Senator William "Mo" Cowan today pledged his commitment to marriage equality by signing onto an amicus brief calling for the Supreme Court to strike down the Defense of Marriage Act (DOMA). The brief, which was filed by Senate and House Democrats and signed by a total of 212 members of Congress, explains that "DOMA imposes a sweeping and unjustifiable federal disability on married same-sex couples."
"We all should have the opportunity to marry who we love, the assurance that our marriage is equally recognized under the law and the right to enjoy the protections that come with it. Unfortunately, the Defense of Marriage Act places discriminatory and unconstitutional burdens on loving and committed gay and lesbian couples," said Senator William "Mo" Cowan. "In Massachusetts, we have been leaders in this fight for marriage equality. The Supreme Court has before it yet another opportunity to further the cause of civil rights, and I'm honored to add my voice to those fighting for human dignity."
An attorney at the Boston-based Gay & Lesbian Advocates & Defenders, Mary L. Bonauto, who won the case bringing marriage to Massachusetts, as well as the first appellate ruling challenging DOMA last May, said, "This brief powerfully illustrates that there is no legitimate federal policy served by DOMA from those who know those policies best -- the U.S. Senate and House of Representatives. It is critical that so many representatives and senators are speaking out against DOMA's unjust discrimination against gay and lesbian Americans who have committed themselves to marriage, pay into the same system, and yet are deprived of the safety nets in place to help other families." GLAD and Bonauto were also responsible for coordinating the amicus filings in this case.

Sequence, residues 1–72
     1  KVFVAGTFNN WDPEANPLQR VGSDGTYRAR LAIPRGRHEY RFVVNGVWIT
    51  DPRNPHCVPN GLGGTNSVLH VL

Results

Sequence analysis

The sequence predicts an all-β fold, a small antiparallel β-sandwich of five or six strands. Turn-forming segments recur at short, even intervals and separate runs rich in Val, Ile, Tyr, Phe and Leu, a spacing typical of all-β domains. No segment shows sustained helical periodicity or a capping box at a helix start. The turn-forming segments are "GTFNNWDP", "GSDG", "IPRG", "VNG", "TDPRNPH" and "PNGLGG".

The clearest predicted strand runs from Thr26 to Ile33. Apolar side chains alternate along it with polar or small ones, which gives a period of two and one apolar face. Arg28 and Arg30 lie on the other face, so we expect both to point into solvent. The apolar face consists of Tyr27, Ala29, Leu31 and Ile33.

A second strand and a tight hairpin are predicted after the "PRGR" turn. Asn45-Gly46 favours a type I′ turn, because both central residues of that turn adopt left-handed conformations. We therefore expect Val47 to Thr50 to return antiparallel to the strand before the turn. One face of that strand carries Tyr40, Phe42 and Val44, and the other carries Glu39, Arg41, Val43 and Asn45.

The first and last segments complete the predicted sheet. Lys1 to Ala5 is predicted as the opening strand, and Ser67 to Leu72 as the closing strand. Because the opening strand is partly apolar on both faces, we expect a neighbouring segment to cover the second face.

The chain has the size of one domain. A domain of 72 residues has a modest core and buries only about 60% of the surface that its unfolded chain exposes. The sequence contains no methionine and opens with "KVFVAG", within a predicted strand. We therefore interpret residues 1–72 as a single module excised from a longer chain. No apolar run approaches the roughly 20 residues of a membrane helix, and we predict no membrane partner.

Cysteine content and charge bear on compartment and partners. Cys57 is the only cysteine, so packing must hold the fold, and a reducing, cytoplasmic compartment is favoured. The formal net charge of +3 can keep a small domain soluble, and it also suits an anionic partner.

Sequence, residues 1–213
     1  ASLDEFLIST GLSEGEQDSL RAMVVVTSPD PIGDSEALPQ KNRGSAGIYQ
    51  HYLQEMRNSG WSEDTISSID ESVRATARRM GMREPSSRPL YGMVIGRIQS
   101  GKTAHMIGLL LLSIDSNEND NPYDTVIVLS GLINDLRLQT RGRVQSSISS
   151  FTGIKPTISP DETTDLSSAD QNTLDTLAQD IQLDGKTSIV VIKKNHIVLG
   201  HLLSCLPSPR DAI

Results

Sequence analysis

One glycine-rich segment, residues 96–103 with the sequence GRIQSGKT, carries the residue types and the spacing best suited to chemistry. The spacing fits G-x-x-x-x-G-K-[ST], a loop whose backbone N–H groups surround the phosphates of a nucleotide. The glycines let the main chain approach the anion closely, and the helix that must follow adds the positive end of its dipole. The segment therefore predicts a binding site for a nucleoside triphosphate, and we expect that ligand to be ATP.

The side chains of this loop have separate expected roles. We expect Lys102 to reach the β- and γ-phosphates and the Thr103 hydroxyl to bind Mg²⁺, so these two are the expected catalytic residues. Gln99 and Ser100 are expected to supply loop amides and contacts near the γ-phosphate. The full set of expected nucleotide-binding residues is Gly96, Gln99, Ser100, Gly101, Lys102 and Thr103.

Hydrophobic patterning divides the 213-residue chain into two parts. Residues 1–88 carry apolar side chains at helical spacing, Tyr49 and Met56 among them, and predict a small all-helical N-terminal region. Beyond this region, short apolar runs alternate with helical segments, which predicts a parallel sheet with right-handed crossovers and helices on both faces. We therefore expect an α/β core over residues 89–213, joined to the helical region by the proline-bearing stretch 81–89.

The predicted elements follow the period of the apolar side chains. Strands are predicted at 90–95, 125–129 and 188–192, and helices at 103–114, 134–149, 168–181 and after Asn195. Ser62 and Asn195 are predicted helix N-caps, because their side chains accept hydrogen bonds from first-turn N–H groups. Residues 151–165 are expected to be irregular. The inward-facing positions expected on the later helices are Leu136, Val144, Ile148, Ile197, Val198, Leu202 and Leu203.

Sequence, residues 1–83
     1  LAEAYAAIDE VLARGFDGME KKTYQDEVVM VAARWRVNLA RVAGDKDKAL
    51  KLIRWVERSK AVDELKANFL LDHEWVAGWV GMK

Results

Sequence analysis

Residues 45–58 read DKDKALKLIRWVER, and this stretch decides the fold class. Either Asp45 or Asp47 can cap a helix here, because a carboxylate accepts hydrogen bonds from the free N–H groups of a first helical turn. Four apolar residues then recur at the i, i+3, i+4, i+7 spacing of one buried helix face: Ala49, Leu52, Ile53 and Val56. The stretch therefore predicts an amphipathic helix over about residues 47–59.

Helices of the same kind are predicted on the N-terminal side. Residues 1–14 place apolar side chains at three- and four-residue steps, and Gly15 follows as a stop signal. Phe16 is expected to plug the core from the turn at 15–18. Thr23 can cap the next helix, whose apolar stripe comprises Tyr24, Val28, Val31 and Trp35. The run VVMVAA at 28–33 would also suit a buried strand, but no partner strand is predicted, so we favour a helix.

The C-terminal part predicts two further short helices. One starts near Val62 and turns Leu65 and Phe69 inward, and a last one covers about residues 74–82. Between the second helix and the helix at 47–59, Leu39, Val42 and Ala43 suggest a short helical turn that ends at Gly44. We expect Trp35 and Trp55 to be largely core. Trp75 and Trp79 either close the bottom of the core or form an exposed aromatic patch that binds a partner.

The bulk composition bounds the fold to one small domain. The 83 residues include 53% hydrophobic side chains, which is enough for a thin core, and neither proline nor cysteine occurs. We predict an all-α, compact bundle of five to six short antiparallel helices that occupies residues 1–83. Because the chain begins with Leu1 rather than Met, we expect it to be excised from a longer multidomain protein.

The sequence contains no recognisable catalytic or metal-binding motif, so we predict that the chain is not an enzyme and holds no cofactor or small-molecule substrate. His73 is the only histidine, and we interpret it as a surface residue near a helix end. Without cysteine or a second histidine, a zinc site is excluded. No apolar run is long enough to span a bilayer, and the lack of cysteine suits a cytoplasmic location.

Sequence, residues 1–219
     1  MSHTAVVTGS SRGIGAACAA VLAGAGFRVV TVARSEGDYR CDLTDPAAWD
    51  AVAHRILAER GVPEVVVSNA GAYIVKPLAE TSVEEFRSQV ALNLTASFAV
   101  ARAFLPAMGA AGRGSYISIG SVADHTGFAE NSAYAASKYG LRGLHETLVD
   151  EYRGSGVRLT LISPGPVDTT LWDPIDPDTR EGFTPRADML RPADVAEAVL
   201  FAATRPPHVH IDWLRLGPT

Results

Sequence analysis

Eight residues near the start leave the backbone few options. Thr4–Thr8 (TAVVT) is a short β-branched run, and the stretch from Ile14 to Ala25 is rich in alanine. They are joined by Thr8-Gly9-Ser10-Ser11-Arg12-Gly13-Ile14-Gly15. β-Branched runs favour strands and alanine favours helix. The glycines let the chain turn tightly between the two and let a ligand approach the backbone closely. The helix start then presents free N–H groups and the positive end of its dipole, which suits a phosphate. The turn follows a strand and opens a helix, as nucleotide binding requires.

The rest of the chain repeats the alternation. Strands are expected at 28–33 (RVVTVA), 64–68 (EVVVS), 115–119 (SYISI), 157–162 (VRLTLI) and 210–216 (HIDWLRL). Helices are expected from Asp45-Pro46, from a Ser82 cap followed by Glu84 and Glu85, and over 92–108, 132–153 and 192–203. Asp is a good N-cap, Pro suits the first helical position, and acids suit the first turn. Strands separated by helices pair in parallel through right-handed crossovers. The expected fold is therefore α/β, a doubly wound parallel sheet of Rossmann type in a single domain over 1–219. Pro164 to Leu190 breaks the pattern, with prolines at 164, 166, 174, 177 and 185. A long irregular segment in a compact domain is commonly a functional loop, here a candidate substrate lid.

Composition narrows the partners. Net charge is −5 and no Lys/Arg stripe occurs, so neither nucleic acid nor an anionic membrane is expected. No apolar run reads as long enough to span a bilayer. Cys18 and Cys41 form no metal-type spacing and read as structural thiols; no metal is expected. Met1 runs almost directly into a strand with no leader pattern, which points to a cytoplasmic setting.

Section 3 of DOMA defines marriage for purposes of federal law as "only a legal union between one man and one woman," excluding legally married same-sex couples from all marriage-based federal responsibilities and rights. A total of 40 Senators and 172 members of the House signed onto the brief.
The brief is in reference to a case pending before the Supreme Court, Windsor v. United States, which came out of the Second Circuit. In Edith "Edie" Windsor's case, the federal government taxed Edie more than $363,000 when her spouse, Thea Spyer, passed away in 2009. The couple first met in 1965 and married in 2007, after an engagement that lasted more than 40 years. Yet, when Thea died, the federal government treated them as complete strangers because of DOMA, significantly reducing Edie's inheritance by denying her protections from the estate tax that other married couples receive. Edie, who is now 83 years old, challenged DOMA as a violation of equal protection. The federal district court in New York City and the Second Circuit Court of Appeals ruled in her favor, holding that DOMA violates the Fifth Amendment's equal protection guarantee.
The members' brief, available here, urges the Supreme Court to uphold the Second Circuit's decision.